The original Jeans were by Levi Strauss and were exclusively designed for men.
It wasn't until the advent of war, and the call for women to take on the roles of men at the front that jeans (or even trousers) were considered appropriate wear for women. The right and appropriateness of women to 'wear the trousers' took several steps back and forward throughout the 20th Century.
Even though jeans were invented as a garment in the mid 1800s, it took decades for clothing labels to even acknowledge that women had two legs and deserved the freedom to use them. As recently as the 1870s and 1880s, women were still confined to the restrictive 'Bustle' silhouette. However, rebellious women wore jeans to ride horses and work on farms long before society considered it appropriate.
Women had to choose from the mens selection until 1934, when 'Lady Levis' were first introduced. Back in 1871, Marie Susie, a wine store owner in San Fransisco, even had to petition the council to be able to wear trousers. She did so on the proviso that she had worked alongside miners. So her case was still very much focussed on jeans as a man's right.
War, women's rights and the rise of jeans
Once war was over, the Genie was very much out of the lamp. Rosie the Riveter had become a cult symbol and women were refusing to be put back in their traditional box.
Men and women began to vacation on 'Dude Ranches' in the Western US, places that recommended the only clothing as jeans and cotton shirts. They wanted to experience the hard work of what make the country tick. It was the same in Australia for the Jack and Jillaroos. Denim Jeans started to become a symbol of hard work, rebellion and equality. Despite the early adoption of jeans for leisure by Elvis Presley and James Dean, it was this photo of Marilyn Monroe, the most influential and rebellious actress of her time, wearing a pair of mens jeans that threw denim into the mix of true gender equality and feminine power.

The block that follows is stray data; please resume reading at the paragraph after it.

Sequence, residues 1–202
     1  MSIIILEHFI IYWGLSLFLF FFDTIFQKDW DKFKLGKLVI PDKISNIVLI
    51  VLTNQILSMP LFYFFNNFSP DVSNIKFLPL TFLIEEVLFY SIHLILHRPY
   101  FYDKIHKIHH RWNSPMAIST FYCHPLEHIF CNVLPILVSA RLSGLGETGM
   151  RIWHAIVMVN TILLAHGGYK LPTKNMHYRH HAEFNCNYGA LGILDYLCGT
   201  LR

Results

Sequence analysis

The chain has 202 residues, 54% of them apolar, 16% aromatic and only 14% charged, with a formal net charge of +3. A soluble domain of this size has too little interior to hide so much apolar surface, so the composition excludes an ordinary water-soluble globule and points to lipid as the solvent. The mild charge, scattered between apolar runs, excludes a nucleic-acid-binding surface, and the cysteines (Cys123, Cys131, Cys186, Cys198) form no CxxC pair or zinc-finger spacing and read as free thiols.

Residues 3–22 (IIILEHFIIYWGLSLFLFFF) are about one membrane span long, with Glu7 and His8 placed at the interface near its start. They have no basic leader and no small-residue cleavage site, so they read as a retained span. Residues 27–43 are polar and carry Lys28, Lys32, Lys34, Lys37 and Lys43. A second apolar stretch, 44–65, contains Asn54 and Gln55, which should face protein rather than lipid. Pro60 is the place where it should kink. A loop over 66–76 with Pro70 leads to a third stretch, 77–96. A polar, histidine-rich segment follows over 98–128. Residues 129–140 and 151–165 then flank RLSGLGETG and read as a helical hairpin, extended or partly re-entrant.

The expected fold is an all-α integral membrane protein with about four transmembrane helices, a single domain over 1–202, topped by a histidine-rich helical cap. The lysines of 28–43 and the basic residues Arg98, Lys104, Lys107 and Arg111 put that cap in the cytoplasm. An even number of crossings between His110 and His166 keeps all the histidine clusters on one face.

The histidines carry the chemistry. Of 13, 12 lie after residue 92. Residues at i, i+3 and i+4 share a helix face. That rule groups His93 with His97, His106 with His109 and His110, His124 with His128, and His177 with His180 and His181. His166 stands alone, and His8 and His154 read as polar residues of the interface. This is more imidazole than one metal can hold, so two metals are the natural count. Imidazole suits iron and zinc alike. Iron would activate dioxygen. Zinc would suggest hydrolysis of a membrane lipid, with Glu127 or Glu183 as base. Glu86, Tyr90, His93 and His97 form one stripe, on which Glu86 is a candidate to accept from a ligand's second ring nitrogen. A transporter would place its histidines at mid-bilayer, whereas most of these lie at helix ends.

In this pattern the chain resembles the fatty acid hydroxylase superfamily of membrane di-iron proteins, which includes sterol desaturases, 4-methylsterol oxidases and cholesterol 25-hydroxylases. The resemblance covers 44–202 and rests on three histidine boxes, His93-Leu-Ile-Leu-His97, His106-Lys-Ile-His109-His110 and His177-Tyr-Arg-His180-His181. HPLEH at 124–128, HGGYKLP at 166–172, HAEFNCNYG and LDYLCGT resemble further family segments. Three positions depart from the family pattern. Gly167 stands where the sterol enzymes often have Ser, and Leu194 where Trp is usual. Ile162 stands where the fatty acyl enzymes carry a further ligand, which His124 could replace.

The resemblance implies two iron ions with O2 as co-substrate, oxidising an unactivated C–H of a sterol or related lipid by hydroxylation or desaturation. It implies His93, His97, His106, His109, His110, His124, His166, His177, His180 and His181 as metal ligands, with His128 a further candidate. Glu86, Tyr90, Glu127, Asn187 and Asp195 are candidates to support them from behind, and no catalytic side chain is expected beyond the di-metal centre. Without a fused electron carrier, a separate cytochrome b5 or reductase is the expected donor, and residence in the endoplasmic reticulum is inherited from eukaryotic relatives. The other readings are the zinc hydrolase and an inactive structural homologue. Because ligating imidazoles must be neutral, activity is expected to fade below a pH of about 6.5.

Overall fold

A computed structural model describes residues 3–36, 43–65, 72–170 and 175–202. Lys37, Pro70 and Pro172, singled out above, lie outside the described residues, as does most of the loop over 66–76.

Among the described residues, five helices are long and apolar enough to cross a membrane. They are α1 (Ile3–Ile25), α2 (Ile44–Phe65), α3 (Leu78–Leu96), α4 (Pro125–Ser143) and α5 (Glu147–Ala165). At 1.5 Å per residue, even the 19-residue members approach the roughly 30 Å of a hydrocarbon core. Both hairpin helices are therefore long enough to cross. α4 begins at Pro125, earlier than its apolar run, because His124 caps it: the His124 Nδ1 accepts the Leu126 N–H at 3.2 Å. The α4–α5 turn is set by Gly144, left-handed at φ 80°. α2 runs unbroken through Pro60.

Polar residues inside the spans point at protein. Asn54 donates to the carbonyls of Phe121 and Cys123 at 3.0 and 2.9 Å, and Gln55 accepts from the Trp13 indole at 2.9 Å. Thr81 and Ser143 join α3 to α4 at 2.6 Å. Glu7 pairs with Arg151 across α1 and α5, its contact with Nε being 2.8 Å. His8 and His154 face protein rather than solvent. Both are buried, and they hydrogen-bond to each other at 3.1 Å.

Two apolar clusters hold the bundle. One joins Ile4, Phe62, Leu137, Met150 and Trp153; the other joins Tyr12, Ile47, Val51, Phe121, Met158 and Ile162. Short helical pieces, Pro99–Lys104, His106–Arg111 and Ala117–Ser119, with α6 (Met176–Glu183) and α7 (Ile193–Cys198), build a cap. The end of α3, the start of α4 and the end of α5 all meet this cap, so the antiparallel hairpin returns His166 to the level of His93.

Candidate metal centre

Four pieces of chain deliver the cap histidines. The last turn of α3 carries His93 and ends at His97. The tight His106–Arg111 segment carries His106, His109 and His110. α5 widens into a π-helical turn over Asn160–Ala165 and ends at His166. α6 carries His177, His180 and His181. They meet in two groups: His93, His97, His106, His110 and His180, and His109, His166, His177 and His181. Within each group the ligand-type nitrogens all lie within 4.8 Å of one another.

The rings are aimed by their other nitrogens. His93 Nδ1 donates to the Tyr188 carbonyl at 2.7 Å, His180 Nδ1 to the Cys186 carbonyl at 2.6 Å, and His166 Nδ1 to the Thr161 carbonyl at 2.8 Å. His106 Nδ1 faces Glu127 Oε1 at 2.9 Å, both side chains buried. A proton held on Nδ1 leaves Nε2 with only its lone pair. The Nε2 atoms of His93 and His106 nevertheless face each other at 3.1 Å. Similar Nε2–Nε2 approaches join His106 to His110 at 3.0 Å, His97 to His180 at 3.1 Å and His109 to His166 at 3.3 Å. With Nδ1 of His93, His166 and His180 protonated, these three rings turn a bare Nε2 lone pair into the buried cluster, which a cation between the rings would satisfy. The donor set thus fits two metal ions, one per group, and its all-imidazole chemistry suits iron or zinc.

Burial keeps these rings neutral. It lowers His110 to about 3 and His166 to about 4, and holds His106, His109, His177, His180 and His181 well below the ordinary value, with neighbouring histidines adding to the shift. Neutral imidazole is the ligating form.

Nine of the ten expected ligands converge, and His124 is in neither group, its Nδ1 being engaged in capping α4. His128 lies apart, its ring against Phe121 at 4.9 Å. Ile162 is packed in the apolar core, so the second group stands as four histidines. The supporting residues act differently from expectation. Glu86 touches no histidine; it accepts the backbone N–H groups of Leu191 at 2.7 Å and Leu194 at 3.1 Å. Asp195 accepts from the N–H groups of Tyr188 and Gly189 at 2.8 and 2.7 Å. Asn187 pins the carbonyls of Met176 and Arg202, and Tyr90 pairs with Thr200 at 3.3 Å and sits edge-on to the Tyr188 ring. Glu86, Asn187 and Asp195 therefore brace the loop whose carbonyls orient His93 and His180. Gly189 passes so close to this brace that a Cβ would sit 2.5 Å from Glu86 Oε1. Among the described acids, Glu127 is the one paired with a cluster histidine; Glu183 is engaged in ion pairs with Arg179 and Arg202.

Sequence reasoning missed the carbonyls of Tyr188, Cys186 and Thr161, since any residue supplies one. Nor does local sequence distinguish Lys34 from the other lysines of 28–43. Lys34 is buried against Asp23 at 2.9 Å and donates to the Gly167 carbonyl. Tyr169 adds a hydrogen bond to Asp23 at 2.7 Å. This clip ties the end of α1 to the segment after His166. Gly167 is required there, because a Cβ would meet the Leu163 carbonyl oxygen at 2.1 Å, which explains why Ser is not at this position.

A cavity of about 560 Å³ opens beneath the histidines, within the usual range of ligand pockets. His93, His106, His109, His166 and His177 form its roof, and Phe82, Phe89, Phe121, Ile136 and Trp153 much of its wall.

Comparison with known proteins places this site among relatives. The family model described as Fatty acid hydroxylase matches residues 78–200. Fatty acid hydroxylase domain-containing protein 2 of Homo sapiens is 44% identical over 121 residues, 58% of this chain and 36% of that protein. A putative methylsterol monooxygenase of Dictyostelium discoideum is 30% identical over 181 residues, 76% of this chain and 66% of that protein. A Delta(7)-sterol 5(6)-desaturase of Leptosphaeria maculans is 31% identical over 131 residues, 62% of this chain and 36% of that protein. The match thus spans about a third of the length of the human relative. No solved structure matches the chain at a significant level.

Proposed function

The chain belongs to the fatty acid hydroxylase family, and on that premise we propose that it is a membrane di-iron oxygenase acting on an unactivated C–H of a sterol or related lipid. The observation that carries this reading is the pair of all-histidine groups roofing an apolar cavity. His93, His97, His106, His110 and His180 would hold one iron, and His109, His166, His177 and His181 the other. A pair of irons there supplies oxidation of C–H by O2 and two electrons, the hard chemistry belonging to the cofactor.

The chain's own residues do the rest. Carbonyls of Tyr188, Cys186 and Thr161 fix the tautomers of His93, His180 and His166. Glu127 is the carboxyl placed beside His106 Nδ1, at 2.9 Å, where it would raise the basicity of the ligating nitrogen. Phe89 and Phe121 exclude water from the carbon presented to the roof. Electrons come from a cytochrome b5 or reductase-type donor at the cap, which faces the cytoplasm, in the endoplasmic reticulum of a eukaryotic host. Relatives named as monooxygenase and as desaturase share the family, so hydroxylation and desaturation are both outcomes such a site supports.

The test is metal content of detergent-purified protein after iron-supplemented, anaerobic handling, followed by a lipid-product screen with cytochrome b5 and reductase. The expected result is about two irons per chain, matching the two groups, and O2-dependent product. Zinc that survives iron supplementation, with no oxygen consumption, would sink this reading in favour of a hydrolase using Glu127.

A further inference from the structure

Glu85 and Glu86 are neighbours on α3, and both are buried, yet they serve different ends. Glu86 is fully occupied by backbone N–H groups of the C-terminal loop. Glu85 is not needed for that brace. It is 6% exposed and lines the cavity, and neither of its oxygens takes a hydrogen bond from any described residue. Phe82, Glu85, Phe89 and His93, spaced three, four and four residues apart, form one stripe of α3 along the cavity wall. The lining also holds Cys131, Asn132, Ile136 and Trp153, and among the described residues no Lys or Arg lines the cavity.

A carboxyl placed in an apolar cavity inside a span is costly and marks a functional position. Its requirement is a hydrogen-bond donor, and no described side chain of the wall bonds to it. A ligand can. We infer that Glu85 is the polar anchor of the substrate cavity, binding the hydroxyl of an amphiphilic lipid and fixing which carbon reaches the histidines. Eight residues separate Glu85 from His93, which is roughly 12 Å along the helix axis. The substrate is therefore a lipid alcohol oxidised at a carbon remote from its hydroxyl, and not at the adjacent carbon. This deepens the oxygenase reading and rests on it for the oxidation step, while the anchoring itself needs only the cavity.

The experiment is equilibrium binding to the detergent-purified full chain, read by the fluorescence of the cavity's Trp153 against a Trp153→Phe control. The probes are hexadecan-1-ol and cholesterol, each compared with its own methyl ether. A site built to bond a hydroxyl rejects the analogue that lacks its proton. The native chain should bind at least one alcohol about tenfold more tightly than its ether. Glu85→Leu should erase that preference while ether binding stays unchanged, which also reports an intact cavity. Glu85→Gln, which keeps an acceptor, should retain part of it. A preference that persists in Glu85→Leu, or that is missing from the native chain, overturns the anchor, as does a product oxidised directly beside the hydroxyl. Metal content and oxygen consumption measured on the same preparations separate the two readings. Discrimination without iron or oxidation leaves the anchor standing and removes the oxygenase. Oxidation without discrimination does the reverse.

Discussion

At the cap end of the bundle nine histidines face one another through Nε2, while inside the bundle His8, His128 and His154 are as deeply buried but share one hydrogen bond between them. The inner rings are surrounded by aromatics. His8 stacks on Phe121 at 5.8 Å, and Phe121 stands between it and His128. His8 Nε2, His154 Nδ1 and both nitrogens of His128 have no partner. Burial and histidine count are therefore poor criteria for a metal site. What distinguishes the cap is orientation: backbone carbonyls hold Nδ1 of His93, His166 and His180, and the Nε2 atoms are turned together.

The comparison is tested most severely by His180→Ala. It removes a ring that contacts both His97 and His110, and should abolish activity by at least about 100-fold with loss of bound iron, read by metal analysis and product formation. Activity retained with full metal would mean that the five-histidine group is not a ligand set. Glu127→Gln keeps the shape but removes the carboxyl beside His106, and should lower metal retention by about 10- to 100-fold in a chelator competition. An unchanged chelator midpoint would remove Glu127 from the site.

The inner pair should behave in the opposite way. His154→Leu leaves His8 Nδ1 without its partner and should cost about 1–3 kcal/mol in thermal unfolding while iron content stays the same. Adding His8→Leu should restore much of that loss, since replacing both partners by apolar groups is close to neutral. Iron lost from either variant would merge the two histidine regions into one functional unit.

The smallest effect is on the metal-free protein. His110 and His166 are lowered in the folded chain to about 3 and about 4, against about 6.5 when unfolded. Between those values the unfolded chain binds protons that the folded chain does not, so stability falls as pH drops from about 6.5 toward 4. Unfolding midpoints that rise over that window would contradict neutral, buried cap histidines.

Suddenly, jeans on the body of a woman became the symbol of not just hard work, but power, rebellion and strength.
Denim Jeans = Equality
The 1960s and 1970s saw denim and jeans in particular as a symbol of both sexual and racial equality and an ability to break away from the stereotypes of the past. Jeans came to embody independence, freedom and individuality. They crossed both racial and sexual boundaries and became the garment of choice for protest.
Women's Jeans today - and why we created CORFU
These days, wearing denim jeans shows an expression of individuality. Combined with the right outfit, they are a marriage of authenticity and modernity.
Beforehand, the term used to be "Clothes make the woman". These days it's "Women make the clothes". We have the right to decide what to wear. We decide what shape, colour and fit goes with our personalities and lifestyles. CORFU was created with the intention to provide as many different styles and shapes of premium denim jeans as there are women to wear them. And these days, it's more likely that people will ask where you bought your jeans than report you to the authorities!